Page 21 of 101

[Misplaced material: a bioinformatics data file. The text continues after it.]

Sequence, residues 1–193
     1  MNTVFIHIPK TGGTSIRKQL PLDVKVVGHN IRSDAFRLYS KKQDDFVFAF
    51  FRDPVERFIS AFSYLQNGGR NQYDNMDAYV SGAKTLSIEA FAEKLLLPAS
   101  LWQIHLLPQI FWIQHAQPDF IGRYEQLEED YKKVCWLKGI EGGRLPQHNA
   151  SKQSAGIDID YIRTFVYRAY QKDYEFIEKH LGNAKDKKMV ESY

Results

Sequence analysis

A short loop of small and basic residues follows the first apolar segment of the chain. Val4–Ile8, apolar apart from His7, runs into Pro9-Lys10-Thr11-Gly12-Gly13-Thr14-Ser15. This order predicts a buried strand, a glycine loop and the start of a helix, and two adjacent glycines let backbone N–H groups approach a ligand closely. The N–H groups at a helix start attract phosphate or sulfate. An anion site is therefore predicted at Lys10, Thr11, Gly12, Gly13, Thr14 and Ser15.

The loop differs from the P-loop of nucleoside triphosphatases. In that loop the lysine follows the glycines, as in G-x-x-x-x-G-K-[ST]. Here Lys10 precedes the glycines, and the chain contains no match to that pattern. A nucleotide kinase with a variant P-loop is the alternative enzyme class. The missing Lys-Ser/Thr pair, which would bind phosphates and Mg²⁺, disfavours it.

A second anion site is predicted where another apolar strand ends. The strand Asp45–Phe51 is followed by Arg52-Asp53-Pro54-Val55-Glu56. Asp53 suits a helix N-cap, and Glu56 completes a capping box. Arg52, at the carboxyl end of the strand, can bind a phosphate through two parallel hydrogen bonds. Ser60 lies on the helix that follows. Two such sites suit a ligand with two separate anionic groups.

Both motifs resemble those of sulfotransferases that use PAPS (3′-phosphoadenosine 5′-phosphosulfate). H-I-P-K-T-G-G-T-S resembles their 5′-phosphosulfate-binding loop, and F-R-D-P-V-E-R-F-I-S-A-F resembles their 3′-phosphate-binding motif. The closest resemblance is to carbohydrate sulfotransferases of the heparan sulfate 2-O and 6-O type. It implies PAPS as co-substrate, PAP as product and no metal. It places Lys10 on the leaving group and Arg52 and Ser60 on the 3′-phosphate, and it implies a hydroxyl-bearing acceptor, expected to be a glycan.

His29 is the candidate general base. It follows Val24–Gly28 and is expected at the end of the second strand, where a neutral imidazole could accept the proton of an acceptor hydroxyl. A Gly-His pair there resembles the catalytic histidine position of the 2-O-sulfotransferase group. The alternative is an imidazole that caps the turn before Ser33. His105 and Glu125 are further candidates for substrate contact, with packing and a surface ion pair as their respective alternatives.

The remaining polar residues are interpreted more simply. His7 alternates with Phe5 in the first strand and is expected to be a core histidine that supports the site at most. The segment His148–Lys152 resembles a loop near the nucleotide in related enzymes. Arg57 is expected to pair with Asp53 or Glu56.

“The alienee or transferee shall file application in Form X within a period of three (3) years from this day, the ……………………. of …………… 2006 on the Notification, issued under sub-rule (1) provided the alienation / transfer took place before 31-12-2005. “This benefit shall be applicable to only small and marginal farmers in the rural area of the State. “This shall not be applicable in the case of agricultural lands situated in the urban areas, covered by Mandal Headquarters, District Headquarters and State Headquarters, Municipalities, Municipal Corporations and urban agglomerations. It is advisable that such regularizations are taken up in a campaign mode by giving wide publicity and by formation of special revenue teams who could do the enquiry. Cases may be decided in the Lok Adalat format. 2.2. Since in many cases owners of lands who have been in possession of lands by virtue of Sada bainama transactions are not recorded even as occupiers in the revenue records or have any link documents, local enquiry and corroborative evidence from the neighbouring ryots and village elders should be taken into account to establish physical possession of lands. Section 5-A of the Act and Rule 22 provide for regularization of unregistered sale transactions by calling for applications from the persons who are recorded as occupants in Adangal/ Pahani or in the RoR. But in most of the cases the names of the occupants are not recorded in the appropriate columns of Adangal/ Pahani. It would be great injustice if the claims of the poor purchasers are rejected merely on the ground that their names did not figure in revenue records. Hence, local enquiry and corroborative evidence from the neighbouring ryots and village elders should be taken into account. Sub Section (1) and (5) of Section 5-A and sub rule (1) and (6) of Rule 22 are to be amended for effecting this. In case of dispute of sale of lands by the legal heirs of the original owner of the lands the enquiry officer shall cause a local enquiry to validate such a sale and also establish physical possession of the lands. 2.3. The lands of the small and marginal farmers shall be registered after establishing bona fide ownership of the lands for a nil registration amount i.e. giving exemption from payment of registration fee and stamp duty under the Indian Registration Act and Indian Stamp Act respectively. As stipulated in sub-section (2) of the Sec.5-A of the Act read with sub rule (5) of Rule 22, the persons who seek regularization of the unregistered sale transactions are required to deposit an amount equal to the registration fee and stamp duty at the rate prevailing at the time of transfer that would have been payable had the transfer been affected by a registered document.